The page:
I have been less than systematic in reporting deaths from homicide in Ciudad Juarez and I also find myself relying on (and doubting) these new reports from the Mexican government. Several people I trust who live in Mexico have responded to me privately that they believe the government is purposefully under-reporting homicide numbers. So, the evidence we have from the press is sporadic and partial, as are my efforts to find this evidence and share it with the list. I was away from the computer most of the day yesterday as I sat for hours in a waiting room at the ICE Detention Center in El Paso, waiting to testify about the violence in Juarez and in Mexico generally as background information in an asylum case.
During the course of the day, I received several reports from list members about confrontations with large numbers of deaths. The first report was from Guerrero where shootings in several different places left 7 people dead.
Bloody morning in Guerrero… From Proceso Online…5 people were killed in the capital of Chipancingo despite (or because of?) the fact that some 3000 federal agents had been sent to the city to keep order during a demonstration by members of the Movimiento Popular de Guerrero. Also, in Acapulco, another two people were killed.
When I got home last night, I saw an article in El Diario (from El Universal) of confrontations in Michoacan that left at least 17 people dead. The Guardian also reported these killings, contrasting the events with the government’s announcement of a 14% decrease in killings since the same period last year (Dec-March)…
And in Juarez yesterday there were 2 separate killings reported and today, two men were shot in an electrical shop and another person injured.
The new and expanded Transborder Institute Justice in Mexico report is now online. Here is the introductory information and links to the full report. It will be be very interesting to review their data and analysis and I hope other frontera list readers will comment. For starters, it is nice to see in their introduction, a paragraph that reflects my reporting on the Frontera List going back to July 2011 when I first realized that we had to look at the INEGI numbers to count ALL homicides, not just those supposedly related to organized crime. I believe this is the FIRST report from the TBI to do that. And indeed, this paragraph reflects the numbers that have been reported here continuously since mid-2011 and in articles such as:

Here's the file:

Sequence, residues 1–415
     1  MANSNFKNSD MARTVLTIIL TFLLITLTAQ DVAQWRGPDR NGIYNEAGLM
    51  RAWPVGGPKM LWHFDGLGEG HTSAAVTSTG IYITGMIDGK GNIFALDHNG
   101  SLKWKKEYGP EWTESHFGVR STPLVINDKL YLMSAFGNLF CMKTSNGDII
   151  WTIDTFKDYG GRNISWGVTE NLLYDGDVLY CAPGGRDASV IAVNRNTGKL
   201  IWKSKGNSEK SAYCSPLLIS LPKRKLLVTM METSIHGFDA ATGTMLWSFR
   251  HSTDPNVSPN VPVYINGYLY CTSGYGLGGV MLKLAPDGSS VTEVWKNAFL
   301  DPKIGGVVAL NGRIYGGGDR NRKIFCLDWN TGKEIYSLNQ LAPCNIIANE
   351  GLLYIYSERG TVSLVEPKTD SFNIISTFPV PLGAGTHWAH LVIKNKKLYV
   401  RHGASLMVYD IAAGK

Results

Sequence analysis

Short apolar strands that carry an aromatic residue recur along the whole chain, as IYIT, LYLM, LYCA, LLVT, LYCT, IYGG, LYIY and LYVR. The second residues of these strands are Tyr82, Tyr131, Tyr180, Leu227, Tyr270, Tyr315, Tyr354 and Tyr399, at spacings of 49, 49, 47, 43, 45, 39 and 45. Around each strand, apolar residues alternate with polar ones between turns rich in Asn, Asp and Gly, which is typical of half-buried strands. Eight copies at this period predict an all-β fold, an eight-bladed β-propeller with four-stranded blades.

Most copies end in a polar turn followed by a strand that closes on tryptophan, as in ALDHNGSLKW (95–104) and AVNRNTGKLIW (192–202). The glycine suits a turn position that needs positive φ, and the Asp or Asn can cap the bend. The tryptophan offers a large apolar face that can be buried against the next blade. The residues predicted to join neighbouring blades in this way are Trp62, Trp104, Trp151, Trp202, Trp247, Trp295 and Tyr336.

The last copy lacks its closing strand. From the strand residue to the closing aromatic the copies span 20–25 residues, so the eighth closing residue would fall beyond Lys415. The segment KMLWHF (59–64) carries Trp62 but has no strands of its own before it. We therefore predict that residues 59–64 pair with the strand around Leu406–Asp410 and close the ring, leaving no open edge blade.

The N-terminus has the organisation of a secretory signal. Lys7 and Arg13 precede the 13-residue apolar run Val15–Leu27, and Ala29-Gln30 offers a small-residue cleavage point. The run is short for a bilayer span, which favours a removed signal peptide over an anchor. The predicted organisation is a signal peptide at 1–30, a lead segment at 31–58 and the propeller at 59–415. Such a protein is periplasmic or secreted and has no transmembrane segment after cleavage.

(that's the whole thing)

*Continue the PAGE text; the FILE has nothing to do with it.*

Mexican Death Toll in Drug War Likely Higher Than Reported
Fueled by War on Drugs, Mexican Death Toll Could Exceed 120,000 As Calderon Ends Six-Year Reign
Also excerpted below is the chart “Comparing Criteria for Classifying Homicides Linked to Drug Trafficking and Organized Crime” found on page 11 of the report. I haven’t read it in detail yet to see if it is cited, but it was in August 2012 that the Mexican government itself said in an interview with REFORMA that these criteria were not valid and would no longer be used because they were not in anyway applied uniformly by police or other law enforcement authorities anywhere in the country. I continue to insist (as I did in a presentation at a conference at the TBI in June 2010) that it is impossible to accurately determine the causes or perpetrators of murders since the Mexican government itself admitted then and later that 95% of the crimes were not investigated. I hope that now that these numbers are presented by the Transborder Institute in its continuing series of excellent publications that the mainstream media will start reporting the real death toll of the ongoing violence in Mexico. I hope to find more interesting details in the report and will post later and I hope other readers will too. Molly Molloy
[Excerpt from Introduction]:
However, under President Calderón, the number of overall homicides annually increased more than two and a half times from 10,452 in 2006 to 27,213 in 2011, according to figures from the National Institute of Statistics and Geography (Instituto Nacional de Estadística y Geografía, INEGI). During the first five full years of Calderón’s term—from 2007 through 2011—INEGI reported 95,646 people killed, an average of 19,129 per year, or more than 50 people per day. By these measures, there was a 24% average annual increase in overall homicides during the Calderón administration. Calculating that overall homicides appear to have dropped by roughly 5-10% in 2012, our estimate is that the total number of homicides during the Calderón administration was likely around 120,000 to 125,000 people killed, depending on whether INEGI or the National System of Public Security (Sistema Nacional de Seguridad Pública, SNSP) data are used. (emphasis added)
And in case you thought it was difficult before to get news and statistics on the violence in Mexico, now Mexico’s leaders will only give out information on murders in small “doses” that the public can handle… And President Pena Nieto asks the media to achieve an “equilibrium” between good news and bad news… If only Mr. Orwell were here to provide some good counsel… Thanks to Jose Luis for sending. His comments and the article follow:
Amazing to think that the governor of Colima and other governors agreed to this… 24 people killed and seven businesses assaulted by armed groups in one month! And nobody knows. Colima is a very small state. In short, the violence has not subsided, but the information is now prescribed in “dosages” so we don’t get sick.
“Los reportes policiales indican que en lo que va del año en la entidad han sido ejecutadas 24 personas y 7 comercios fueron asaltados por grupos armados, pero los hechos no han sido reportados por la Procuraduría de Colima, como lo hacía hasta el 2012.”